*sigh* There are many more posts about her to come, I'm sure. Moving on.
I check out the celebrity news now and then, I enjoy pictures of red carpet gowns as much as the next gal and I faithfully read People every time I go to the hairdresser (every 5 weeks). But, I have to say, lately there's been a dearth of sponge-worthy celebrity/entertainment news.
Call me crazy, but I couldn't care less about:
- Posh & Becs
and finally...*ducking to avoid the flying objects*...Harry Potter. I think I read the first 100 pages of the first book and put it down. I've watched the first two movies as they were playing at someone's house I was visiting and I thought it would be rude to leave in the middle. I know many of you and many people IRL who are as crazy about Master Potter as their kids. Even if I had kids, I wouldn't like the books, although I would be happy to see my youngster reading them. I think it's very cool for the kids that started reading the HP books when they were about the same age as the kids in the story, and that they've sort of grown up together. I also think it's wonderful that the first billionaire author is a woman who started from nothing.
And finally...for those of you who ride, you are painfully aware that it is a very humbling experience. No matter what level you're at, the minute you begin to think you've got something down pat, your horse will remind you that personality trumps technique every time, and humble pie is a dish best served cold.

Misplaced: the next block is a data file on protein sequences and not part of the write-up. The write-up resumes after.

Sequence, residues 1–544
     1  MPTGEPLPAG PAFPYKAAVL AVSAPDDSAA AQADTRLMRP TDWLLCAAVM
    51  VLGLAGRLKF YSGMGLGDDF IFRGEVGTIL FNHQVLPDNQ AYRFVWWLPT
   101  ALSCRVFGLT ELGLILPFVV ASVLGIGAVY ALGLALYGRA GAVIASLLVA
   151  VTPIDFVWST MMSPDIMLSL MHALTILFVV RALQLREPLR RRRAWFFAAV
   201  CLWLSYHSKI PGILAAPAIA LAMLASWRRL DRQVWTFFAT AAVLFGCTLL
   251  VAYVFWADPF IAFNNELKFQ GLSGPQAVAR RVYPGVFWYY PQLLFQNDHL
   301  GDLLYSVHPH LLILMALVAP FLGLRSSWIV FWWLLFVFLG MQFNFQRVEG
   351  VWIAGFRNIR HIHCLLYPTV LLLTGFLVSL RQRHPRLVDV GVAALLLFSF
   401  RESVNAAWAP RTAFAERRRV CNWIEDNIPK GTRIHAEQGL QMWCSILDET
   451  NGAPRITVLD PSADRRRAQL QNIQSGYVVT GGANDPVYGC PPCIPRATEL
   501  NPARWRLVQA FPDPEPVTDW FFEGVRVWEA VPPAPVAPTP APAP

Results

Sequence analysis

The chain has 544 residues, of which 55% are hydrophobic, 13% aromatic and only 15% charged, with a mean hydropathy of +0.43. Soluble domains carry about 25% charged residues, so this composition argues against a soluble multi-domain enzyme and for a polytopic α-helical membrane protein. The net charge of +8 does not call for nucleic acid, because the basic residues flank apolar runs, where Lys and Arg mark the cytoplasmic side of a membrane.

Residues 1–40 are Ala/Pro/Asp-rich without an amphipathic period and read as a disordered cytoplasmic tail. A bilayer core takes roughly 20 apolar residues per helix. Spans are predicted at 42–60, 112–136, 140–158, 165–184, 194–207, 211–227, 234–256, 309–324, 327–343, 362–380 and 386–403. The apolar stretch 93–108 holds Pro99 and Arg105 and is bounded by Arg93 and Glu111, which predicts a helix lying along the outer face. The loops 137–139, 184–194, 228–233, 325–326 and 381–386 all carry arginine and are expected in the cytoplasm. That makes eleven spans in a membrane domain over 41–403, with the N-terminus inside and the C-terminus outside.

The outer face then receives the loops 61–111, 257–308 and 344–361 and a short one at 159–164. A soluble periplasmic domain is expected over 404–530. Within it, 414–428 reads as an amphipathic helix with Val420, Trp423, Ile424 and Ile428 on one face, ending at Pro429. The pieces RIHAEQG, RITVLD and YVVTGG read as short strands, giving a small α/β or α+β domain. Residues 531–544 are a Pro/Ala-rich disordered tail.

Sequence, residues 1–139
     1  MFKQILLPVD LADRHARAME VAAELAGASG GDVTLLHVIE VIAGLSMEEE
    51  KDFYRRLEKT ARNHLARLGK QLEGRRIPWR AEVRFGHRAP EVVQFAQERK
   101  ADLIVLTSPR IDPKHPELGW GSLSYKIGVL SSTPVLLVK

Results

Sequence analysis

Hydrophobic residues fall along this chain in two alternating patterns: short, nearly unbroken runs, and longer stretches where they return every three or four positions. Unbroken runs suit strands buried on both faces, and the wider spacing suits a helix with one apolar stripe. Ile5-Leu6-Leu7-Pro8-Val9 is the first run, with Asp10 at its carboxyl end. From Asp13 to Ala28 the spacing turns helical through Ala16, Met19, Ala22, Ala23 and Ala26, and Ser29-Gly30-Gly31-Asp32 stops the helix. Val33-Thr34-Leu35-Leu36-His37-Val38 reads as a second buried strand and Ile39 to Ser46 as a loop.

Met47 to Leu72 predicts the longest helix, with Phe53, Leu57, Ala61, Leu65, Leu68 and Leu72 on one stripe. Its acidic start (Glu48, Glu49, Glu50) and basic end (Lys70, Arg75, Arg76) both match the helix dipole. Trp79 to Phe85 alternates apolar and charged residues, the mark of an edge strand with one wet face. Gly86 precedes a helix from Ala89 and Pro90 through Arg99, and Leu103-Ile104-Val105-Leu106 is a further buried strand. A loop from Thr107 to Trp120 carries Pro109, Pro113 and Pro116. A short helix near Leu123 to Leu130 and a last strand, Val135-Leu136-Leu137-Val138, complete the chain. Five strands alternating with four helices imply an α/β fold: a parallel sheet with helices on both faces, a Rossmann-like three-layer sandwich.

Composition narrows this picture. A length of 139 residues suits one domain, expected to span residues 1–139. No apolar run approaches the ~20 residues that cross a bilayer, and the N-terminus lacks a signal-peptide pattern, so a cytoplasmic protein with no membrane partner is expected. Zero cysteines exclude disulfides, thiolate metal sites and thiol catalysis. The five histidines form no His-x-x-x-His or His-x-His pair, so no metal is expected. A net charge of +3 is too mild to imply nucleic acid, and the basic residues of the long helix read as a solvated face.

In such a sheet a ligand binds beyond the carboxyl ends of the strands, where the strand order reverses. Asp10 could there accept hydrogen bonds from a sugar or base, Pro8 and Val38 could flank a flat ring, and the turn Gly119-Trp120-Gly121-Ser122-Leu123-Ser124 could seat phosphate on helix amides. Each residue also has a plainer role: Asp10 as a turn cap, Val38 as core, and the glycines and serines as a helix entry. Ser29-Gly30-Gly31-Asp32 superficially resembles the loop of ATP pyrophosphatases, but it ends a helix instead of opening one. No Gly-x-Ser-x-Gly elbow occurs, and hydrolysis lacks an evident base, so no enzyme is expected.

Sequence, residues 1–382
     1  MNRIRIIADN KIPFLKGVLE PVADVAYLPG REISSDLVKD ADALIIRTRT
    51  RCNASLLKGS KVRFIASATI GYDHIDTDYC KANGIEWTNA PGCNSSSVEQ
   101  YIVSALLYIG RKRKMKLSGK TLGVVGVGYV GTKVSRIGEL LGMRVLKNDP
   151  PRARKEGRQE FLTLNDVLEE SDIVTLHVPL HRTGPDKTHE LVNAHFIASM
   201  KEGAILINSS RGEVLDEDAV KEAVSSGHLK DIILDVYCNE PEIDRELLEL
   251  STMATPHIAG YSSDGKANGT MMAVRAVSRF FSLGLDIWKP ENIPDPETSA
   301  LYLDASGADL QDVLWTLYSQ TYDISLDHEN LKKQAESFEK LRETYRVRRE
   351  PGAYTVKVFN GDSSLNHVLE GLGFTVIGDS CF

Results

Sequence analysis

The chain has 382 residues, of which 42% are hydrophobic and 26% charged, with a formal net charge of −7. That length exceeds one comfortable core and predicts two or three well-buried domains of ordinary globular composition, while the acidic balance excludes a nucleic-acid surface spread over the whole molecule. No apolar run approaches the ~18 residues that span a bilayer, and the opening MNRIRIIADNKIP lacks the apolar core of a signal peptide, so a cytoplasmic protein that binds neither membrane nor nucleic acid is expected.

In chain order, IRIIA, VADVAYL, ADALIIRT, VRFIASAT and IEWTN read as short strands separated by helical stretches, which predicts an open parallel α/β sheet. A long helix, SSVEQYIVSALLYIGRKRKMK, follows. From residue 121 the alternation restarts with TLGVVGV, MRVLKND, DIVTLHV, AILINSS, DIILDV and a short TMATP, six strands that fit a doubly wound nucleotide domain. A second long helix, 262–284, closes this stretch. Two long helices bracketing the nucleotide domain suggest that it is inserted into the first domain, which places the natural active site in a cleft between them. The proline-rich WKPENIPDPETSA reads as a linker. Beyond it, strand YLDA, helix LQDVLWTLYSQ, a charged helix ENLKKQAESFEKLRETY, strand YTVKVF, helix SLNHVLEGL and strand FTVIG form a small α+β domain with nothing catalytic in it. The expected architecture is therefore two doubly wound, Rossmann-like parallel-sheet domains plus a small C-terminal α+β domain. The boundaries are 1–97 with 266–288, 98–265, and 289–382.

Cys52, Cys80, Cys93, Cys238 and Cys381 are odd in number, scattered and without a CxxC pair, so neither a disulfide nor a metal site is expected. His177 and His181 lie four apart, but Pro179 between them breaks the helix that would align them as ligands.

Miss seems to have gotten through her dental adventure fine, but she's still fighting something. Whatever is going on in her system is moving through her legs in turn, one day she'll be off on the left front, the next day on the right rear. I'm not used to dealing with a creature who seems perfectly fine one day and the next can't be ridden for a week. It scares me to death when they throw around words like "crippled", but I guess in horsespeak that's a transitory state.
Last week I came down to lounge her before our ride and worked her pretty hard. At the very end Willow come over and asks, "Is she limping?" Immediately my heart is in my throat -- obviously she wouldn't have said that if she didn't think she was. Willow got on her for a few minutes, then let me walk around on her, but declared she was "pretty lame" on the front left. She looked perfectly fine to me. I felt so bad I was almost in tears.
So, she's been off for 5 days and Willow tells me its OK to give her a light lounge today and leaves to get lunch. I'm just about done with a light workout with her when the owner of the farm comes over to stop me, saying that she looks quite a bit worse than she did the other day, finding a pulse in 3 of four legs. Again, she looked perfectly fine to me, maybe a little lazy, but I was purposefully not pushing her. I feel like I can't be trusted to take my own horse out without someone else looking at her first to make sure she is fit to work. Ugh. Pie anyone?